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Open Call for applications: Unlocking the True Power of Web3 - Transforming Sport Data and Analytics market into a Collaborative Economy


Sport tech experts, sport organisations and other interested parties are invited to apply now for participation in the dedicated Innovation Booster “Web3 for Sport Data”. The booster aims at leveraging Web3 technology and its new paradigms to transform the sport data and analytics industry into a data supply chain economy. The first physical meeting to ideate, explore and contextualise this innovation challenge will take place on 29 November 2023 in Bern from 9:00 to 17:00.

Discover the game-changing potential of Web3 tools like Tokens, Smart Contracts, and ledger technology for the sport data and analytics market. Delve into the benefits of user-owned and open data to allow specialisation along the data supply chain and co-shape how this transformation paves the way for more innovative and cost-effective products while maintaining fair and good governance by design.

Apply here until 15 November 2023 to become part of this important challenge, which is led by BlockSpirit AG in close cooperation with the Swiss Association of Computer Science in Sports (SACSS).

What can you expect from this innovation booster?

Participants will be introduced to the toolbox that Web3 has to offer and how it can help:

  • overcoming data silos by making data accessible (“open”) to foster innovation by crowd-sourcing;
  • improving data products and reduce costs by specialisation (“specialise”) along the data value chain, by data standards and by business automation; and
  • maintaining good governance by design (“user-owned”).

Based on these observations, the main questions of the Challenge are:

  • What will be the impact of these new paradigms in sport (“open”, “user-owned”, “specialise” and “standardise”)? What are the strengths and weaknesses as well as opportunities and threats and how can potential risks be mitigated?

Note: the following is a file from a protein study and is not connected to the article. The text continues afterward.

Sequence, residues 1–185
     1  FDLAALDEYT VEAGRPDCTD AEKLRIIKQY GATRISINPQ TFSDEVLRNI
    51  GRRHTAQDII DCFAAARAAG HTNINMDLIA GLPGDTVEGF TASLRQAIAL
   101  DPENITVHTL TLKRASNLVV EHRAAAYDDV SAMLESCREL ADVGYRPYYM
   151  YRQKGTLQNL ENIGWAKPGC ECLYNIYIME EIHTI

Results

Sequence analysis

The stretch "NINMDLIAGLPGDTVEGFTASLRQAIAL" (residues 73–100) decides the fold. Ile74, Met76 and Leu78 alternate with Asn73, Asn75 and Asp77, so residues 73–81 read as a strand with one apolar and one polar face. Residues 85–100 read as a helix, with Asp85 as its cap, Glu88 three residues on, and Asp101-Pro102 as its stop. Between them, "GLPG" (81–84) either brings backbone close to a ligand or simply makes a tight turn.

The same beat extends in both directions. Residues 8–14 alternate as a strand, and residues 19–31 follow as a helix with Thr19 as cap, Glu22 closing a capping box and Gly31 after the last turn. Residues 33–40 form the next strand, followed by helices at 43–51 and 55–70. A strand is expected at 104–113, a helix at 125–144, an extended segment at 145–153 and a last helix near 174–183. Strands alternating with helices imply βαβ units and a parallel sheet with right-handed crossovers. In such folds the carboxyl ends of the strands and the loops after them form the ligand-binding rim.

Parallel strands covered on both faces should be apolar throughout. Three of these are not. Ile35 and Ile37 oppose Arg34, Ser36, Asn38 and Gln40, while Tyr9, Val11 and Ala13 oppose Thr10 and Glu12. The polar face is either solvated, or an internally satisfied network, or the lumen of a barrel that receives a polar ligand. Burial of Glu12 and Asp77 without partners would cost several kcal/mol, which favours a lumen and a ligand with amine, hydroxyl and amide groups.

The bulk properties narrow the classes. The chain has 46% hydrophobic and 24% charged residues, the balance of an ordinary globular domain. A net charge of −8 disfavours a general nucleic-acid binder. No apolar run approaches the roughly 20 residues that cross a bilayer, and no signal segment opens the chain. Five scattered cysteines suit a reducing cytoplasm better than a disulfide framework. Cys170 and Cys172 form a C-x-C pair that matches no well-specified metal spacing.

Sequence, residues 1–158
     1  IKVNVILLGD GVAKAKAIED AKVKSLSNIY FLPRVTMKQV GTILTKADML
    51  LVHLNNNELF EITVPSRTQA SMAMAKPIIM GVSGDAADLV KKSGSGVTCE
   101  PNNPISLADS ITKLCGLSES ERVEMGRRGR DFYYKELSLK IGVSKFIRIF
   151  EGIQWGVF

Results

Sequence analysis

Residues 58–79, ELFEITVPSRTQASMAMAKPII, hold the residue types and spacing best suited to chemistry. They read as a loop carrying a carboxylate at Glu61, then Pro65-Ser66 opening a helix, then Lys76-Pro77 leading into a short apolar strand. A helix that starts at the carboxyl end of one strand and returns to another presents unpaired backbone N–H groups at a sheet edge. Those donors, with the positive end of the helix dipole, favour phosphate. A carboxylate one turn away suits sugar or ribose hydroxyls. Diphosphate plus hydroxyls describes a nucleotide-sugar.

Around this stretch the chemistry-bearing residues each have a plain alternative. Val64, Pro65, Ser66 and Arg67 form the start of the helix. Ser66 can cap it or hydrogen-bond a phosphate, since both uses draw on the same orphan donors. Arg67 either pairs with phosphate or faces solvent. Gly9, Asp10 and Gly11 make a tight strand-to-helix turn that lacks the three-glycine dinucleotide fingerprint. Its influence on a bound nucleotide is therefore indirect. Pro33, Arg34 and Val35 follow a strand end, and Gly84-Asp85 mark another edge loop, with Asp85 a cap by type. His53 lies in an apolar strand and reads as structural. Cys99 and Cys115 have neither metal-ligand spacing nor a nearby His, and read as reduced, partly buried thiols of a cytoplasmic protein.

• How to speed up the adoption of Web3 technologies amongst stakeholders of the sports data and analytics industry?
  • What are the key aspects of a business model canvas for 2-3 viable use cases in the sports and analytics industry?
  • What are the generic aspects of these use cases?

Expected outcomes

After the ideation workshop, BlockSpirit and SACSS will identify and test two use cases with the participants. These cases should create immediate value while addressing single or multiple parts of a data supply chain economy. The aim is to establish the requirements for these cases using proven frameworks in order to advance efficiently into the testing phase with two proof-of-concepts.


The true potential of Web3 in sport is still largely misunderstood and so far limited to use cases including collectibles often in combination with elements from fantasy sport.

In fact, Web3 and blockchain technology is really a governance technology. It offers a set of tools (e.g. Tokens, SmartContracts, Blockchains / Ledger) that can be used to create the infrastructure necessary to build more collaborative economics that allows privacy regulations by design, incentivises data exchange and thus fosters innovation.

This is relevant for the sports data and analytics market as sport tech startups and established industry leaders continue to face a highly challenging environment. Their products and services are notoriously difficult to scale and thus achieving sustainable return on investment is tough. This is due to the fact that development needs significant domain expertise and is expensive while products find limited customer segments with highly individual needs and limited budgets outside of soccer/US Pro Sports.

As a result, sport organisations as the buying customers in an ever intensifying battle for better performance and entertainment are left with mediocre and expensive isolated solutions. The latter creates data silos which is further amplified by the competitive nature of sports. The lack of data accessibility thus has innovation in a deadlock. Moreover, pressure is growing from athletes and regulators with respect to data privacy in general and fair value distribution when sports data is monetised.